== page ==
UW News

April 26, 2021

ArtSci Roundup: Rosmersholm, The Jews of Ottoman Izmir: Dina Danon in Conversation with Devin E. Naar, and More

During this time of uncertainty and isolation, find solace in digital opportunities to connect, share, and engage. Each week, we will share upcoming events that bring the UW, and the greater community, together online. 

Many of these online opportunities are streamed through Zoom. All UW faculty, staff, and students have access to Zoom Pro via UW-IT

Online: Rosmersholm

May 6 – May 9 | Online

Presented by the School of Drama, this sexually-charged study of faith and heartbreak, widely considered Ibsen’s darkest and most complex play, mines the tension between old and new, between conservatism and progressivism, between liberation and servitude. “Revive Rosmersholm for regime change,” says Variety, “It is a ‘Break Glass in Case of Emergencies,’ sort of play.” Set against the backdrop of political upheaval, the play has the moral force of Ibsen’s An Enemy of the People, laced with the personal agony of his Ghosts. Ibsen’s most popular play during his lifetime, Rosmersholm is a political and romantic thriller that feels utterly relevant to ours.

Generation Mixed Goes to School

May 5, 5:30 – 7:30 PM | Online

Join the Director of the Center for Communication, Difference, and Equity and Professor of Communication Ralina Joseph and Director of Diversity, Equity and Inclusion at the Wright Institute Allison Briscoe-Smith for a discussion on their new book – Generation Mixed Goes to School. They will be in conversation with Ph.D. student in Communication Meshell Sturgis.

Half-Bird, Half-Fish: The New Grammar of Time Past in Seventeenth-century Tamil, Telugu, and Sanskrit by Professor David Shulman

May 4, 8:00 – 9:30 PM | Online

Although every generation has to discover, or rediscover, or reinvent its own links to the cultural past, there are extended moments of civilizational change when the presence of the past, and the modes of linking past to present, become highly charged themes. Such was the case in thirteenth-century Florence and Sienna, in fourteenth-century Shiraz, and in early-modern South India (sixteenth to eighteenth centuries). This was a period when a new genre– the self-contained literary prabandha, meant to be read from beginning to end over a few days, in homes, literary salons, royal courts, or temples, with a range of unusual themes– appeared in Sanskrit and all the south Indian languages. The Department of Asian Languages & Literature‘s Andrew L. Markus Memorial Lecture, given by David Shulman, will look at a story that develops this topic in a particularly dramatic and lyrical way.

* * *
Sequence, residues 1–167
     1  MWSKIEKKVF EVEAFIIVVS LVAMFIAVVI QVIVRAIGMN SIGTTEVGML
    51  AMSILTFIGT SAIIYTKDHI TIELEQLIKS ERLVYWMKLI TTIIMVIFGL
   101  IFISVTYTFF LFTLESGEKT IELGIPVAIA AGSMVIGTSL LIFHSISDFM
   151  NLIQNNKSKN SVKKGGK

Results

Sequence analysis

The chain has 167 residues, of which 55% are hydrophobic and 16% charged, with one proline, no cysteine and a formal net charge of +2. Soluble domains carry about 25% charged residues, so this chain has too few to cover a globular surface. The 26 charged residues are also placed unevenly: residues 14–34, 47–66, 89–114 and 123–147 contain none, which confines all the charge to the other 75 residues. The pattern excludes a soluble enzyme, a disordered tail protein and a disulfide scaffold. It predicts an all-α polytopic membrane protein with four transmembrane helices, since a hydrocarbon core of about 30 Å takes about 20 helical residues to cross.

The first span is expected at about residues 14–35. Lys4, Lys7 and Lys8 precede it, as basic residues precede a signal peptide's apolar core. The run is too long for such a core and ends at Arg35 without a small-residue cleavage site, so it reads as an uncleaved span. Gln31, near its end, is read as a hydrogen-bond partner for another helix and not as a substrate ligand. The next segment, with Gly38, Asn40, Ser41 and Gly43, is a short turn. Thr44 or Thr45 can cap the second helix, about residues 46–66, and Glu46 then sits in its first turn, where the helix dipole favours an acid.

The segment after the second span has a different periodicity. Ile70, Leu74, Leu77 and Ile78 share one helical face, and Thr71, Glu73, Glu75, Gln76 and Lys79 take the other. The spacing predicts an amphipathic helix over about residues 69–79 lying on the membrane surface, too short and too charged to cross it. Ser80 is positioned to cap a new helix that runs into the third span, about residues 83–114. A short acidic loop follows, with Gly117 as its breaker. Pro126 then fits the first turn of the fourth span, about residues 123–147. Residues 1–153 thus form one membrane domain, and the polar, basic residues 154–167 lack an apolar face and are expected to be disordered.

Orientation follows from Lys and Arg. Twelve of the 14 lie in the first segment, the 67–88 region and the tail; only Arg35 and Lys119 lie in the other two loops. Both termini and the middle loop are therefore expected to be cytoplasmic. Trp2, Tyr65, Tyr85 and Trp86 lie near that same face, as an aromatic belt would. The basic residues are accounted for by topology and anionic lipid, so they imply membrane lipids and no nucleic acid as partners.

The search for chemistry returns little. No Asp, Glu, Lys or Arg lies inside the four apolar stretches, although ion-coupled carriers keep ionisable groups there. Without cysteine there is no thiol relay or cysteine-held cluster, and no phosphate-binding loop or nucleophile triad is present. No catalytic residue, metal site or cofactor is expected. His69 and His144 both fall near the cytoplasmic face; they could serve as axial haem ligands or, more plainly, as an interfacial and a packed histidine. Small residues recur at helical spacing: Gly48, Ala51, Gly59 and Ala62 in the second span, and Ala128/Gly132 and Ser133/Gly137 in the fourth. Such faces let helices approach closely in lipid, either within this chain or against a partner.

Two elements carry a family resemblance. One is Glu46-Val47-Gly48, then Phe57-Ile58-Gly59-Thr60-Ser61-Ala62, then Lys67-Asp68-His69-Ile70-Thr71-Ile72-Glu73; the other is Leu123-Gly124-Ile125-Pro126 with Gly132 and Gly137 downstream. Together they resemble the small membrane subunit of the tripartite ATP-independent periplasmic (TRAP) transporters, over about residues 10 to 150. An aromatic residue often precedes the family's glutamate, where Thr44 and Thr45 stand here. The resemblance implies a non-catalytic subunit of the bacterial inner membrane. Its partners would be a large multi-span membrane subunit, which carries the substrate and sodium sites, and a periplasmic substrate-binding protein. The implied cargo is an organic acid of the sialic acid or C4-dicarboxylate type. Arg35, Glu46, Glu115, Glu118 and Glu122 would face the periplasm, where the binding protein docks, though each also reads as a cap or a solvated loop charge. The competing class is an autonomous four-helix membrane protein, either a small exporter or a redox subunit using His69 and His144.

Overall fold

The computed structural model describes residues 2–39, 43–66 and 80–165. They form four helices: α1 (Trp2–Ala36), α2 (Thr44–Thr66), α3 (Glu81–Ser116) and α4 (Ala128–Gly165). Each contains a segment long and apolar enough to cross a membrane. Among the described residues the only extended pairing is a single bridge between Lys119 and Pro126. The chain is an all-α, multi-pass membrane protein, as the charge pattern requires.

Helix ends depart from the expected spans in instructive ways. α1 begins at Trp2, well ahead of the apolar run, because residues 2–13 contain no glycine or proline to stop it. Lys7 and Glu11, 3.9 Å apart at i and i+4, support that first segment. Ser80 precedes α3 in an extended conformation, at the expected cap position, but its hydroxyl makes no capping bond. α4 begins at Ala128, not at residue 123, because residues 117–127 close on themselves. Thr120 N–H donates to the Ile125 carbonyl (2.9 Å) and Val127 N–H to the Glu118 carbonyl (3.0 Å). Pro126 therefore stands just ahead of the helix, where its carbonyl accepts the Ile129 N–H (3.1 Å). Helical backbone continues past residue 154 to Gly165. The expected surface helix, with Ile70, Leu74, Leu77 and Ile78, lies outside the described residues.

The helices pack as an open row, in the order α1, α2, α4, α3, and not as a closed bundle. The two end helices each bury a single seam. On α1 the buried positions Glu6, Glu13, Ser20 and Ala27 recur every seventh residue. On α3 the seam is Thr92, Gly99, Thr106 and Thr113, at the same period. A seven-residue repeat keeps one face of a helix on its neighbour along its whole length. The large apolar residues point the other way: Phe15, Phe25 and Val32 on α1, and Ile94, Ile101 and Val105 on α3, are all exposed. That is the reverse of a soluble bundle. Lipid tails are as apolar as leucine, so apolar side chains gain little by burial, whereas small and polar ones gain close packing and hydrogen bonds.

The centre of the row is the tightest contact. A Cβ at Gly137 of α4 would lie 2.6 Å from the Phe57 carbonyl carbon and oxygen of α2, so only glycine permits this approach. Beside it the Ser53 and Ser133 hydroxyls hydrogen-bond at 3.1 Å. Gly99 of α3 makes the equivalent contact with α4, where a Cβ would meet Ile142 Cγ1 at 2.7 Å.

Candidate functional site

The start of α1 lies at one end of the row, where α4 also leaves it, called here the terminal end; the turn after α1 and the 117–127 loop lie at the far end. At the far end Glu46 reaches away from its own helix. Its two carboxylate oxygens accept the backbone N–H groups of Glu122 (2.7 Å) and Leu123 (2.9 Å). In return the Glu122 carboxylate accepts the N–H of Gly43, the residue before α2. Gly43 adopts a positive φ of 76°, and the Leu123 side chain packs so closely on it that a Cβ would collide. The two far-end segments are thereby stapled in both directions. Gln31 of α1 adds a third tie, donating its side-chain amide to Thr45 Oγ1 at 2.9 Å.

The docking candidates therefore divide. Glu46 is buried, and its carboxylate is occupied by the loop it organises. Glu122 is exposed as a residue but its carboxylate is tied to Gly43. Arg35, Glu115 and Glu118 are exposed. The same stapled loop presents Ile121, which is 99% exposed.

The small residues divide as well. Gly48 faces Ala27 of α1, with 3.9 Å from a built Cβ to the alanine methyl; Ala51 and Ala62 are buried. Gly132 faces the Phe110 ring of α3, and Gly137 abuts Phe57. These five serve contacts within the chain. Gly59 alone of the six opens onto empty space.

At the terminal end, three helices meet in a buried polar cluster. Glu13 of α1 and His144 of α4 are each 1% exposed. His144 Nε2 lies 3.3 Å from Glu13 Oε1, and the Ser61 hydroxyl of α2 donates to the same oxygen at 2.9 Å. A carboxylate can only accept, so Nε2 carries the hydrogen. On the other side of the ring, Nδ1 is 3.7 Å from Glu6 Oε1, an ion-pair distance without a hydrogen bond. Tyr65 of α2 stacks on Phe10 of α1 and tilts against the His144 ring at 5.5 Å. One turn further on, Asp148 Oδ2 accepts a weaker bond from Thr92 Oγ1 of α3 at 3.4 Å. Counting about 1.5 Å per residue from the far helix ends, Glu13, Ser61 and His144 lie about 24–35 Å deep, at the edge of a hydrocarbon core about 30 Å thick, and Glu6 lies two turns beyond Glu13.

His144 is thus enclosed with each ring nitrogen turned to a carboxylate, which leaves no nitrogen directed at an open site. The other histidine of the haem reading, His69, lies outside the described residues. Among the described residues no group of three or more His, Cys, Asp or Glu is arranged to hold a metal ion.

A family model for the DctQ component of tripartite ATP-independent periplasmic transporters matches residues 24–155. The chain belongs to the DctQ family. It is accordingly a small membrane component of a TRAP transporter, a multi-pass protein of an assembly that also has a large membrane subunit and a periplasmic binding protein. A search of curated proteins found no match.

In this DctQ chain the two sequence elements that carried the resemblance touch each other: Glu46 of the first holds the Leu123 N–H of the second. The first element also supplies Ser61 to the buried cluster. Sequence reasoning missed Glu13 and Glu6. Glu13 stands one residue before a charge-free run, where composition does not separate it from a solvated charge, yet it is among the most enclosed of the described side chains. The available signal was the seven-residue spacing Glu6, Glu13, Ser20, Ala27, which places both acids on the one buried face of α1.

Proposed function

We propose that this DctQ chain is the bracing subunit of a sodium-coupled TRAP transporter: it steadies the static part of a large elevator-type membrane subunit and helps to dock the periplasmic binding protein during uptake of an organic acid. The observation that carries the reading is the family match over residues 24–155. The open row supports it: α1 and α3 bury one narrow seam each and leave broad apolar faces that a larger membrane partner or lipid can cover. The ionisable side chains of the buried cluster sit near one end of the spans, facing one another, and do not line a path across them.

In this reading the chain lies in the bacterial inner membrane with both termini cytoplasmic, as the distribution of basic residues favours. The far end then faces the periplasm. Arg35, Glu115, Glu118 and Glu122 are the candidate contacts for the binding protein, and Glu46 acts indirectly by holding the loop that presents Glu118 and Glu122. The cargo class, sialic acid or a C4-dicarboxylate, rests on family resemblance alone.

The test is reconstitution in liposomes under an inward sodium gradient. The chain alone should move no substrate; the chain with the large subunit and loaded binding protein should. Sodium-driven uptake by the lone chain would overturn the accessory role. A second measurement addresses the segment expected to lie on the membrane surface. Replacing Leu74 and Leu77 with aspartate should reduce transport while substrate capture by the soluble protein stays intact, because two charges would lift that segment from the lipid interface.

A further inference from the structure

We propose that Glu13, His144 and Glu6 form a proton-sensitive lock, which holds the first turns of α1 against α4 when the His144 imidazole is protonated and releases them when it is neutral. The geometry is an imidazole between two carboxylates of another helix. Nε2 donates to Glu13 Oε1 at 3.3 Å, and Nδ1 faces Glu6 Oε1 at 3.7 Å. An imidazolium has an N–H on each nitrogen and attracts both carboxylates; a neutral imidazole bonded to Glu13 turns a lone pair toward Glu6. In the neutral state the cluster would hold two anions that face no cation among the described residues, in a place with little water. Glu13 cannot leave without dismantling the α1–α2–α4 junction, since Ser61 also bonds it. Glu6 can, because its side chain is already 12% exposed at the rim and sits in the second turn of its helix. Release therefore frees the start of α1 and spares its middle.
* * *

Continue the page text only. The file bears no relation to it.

Division of Art Graduation Exhibition 2
May 4 – May 15 | Online

Each year the School of Art + Art History + Design proudly celebrates graduating Art students with a series of exhibitions. The Jacob Lawrence Gallery features the work of students graduating with a BA in Art as they celebrate their achievements and embark on the next step in their creative journey. 

Free | More Info

The Jews of Ottoman Izmir: Dina Danon in Conversation with Devin E. Naar

May 5, 5:00 – 6:15 PM | Online 

Across Europe at the turn of the twentieth century, Jews were often confronted with the notion that their religious and cultural distinctiveness was somehow incompatible with the modern age. Yet the view from Ottoman Izmir, a Mediterranean port city, invites a different approach: what happens when Jewish difference is totally unremarkable? What happens when there is no “Jewish Question?”

Drawing extensively on a rich body of previously untapped Ladino archival material, Dina Danon, associate professor of Judaic Studies at Binghamton University, will offer a new read on Jewish modernity in this lecture sponsored by the Stroum Center for Jewish Studies. Through the voices of beggars on the street and mercantile elites, shoe-shiners and newspaper editors, rabbis and housewives, this talk will underscore how it was new attitudes to poverty and social class, not Judaism, that most significantly framed this Sepharadi community’s encounter with the modern age.

Free | Register and More Info

Biden Faces the World: American Foreign Policy in a post Trump era

May 6, 5:30 – 7:00 PM | Online

Please join the Department of Political Science on Thursday, May 6th for the Spring Faculty Panel on the subject of international relations. To what extent will the recent change in administrations impact U.S. involvement on the world stage?

Speakers will include:

  • Professor Beth Kier, From Trump to Biden: Transforming Civil-Military Relations
  • Professor Geoffrey Wallace, Biden’s Multilateralism in the (Post-)“America First” Era
  • Professor Victor Menaldo, Will Anything Biden Does Really Change Foreign Dictators’ Behavior?
  • John Wilkerson, Moderator

Looking for more?

Check out UWAA’s Stronger Together web page for more digital engagement opportunities.